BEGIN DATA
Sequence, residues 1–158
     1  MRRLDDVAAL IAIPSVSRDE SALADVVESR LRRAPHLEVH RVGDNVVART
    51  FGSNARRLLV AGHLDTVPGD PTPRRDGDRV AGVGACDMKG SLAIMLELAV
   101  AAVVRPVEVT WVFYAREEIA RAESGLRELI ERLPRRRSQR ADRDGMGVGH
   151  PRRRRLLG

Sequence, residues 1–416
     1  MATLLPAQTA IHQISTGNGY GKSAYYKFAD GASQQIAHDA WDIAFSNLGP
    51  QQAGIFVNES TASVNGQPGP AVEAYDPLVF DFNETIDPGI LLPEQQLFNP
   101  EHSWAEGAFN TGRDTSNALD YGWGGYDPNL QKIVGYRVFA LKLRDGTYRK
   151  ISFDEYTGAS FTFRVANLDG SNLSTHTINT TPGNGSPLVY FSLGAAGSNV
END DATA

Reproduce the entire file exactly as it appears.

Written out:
Sequence, residues 1–158
     1  MRRLDDVAAL IAIPSVSRDE SALADVVESR LRRAPHLEVH RVGDNVVART
    51  FGSNARRLLV AGHLDTVPGD PTPRRDGDRV AGVGACDMKG SLAIMLELAV
   101  AAVVRPVEVT WVFYAREEIA RAESGLRELI ERLPRRRSQR ADRDGMGVGH
   151  PRRRRLLG

Sequence, residues 1–416
     1  MATLLPAQTA IHQISTGNGY GKSAYYKFAD GASQQIAHDA WDIAFSNLGP
    51  QQAGIFVNES TASVNGQPGP AVEAYDPLVF DFNETIDPGI LLPEQQLFNP
   101  EHSWAEGAFN TGRDTSNALD YGWGGYDPNL QKIVGYRVFA LKLRDGTYRK
   151  ISFDEYTGAS FTFRVANLDG SNLSTHTINT TPGNGSPLVY FSLGAAGSNV